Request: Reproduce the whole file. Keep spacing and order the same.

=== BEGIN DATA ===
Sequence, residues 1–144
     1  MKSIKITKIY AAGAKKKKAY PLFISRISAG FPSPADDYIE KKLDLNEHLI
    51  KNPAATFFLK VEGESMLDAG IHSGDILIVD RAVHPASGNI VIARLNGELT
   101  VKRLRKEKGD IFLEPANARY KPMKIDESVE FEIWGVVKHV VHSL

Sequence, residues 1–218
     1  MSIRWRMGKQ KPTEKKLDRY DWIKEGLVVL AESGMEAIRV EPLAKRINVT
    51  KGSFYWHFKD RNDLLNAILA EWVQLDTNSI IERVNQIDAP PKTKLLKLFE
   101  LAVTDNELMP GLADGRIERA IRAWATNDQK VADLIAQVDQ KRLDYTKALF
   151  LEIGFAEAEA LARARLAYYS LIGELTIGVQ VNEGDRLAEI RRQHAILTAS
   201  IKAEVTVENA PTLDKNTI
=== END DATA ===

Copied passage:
Sequence, residues 1–144
     1  MKSIKITKIY AAGAKKKKAY PLFISRISAG FPSPADDYIE KKLDLNEHLI
    51  KNPAATFFLK VEGESMLDAG IHSGDILIVD RAVHPASGNI VIARLNGELT
   101  VKRLRKEKGD IFLEPANARY KPMKIDESVE FEIWGVVKHV VHSL

Sequence, residues 1–218
     1  MSIRWRMGKQ KPTEKKLDRY DWIKEGLVVL AESGMEAIRV EPLAKRINVT
    51  KGSFYWHFKD RNDLLNAILA EWVQLDTNSI IERVNQIDAP PKTKLLKLFE
   101  LAVTDNELMP GLADGRIERA IRAWATNDQK VADLIAQVDQ KRLDYTKALF
   151  LEIGFAEAEA LARARLAYYS LIGELTIGVQ VNEGDRLAEI RRQHAILTAS
   201  IKAEVTVENA PTLDKNTI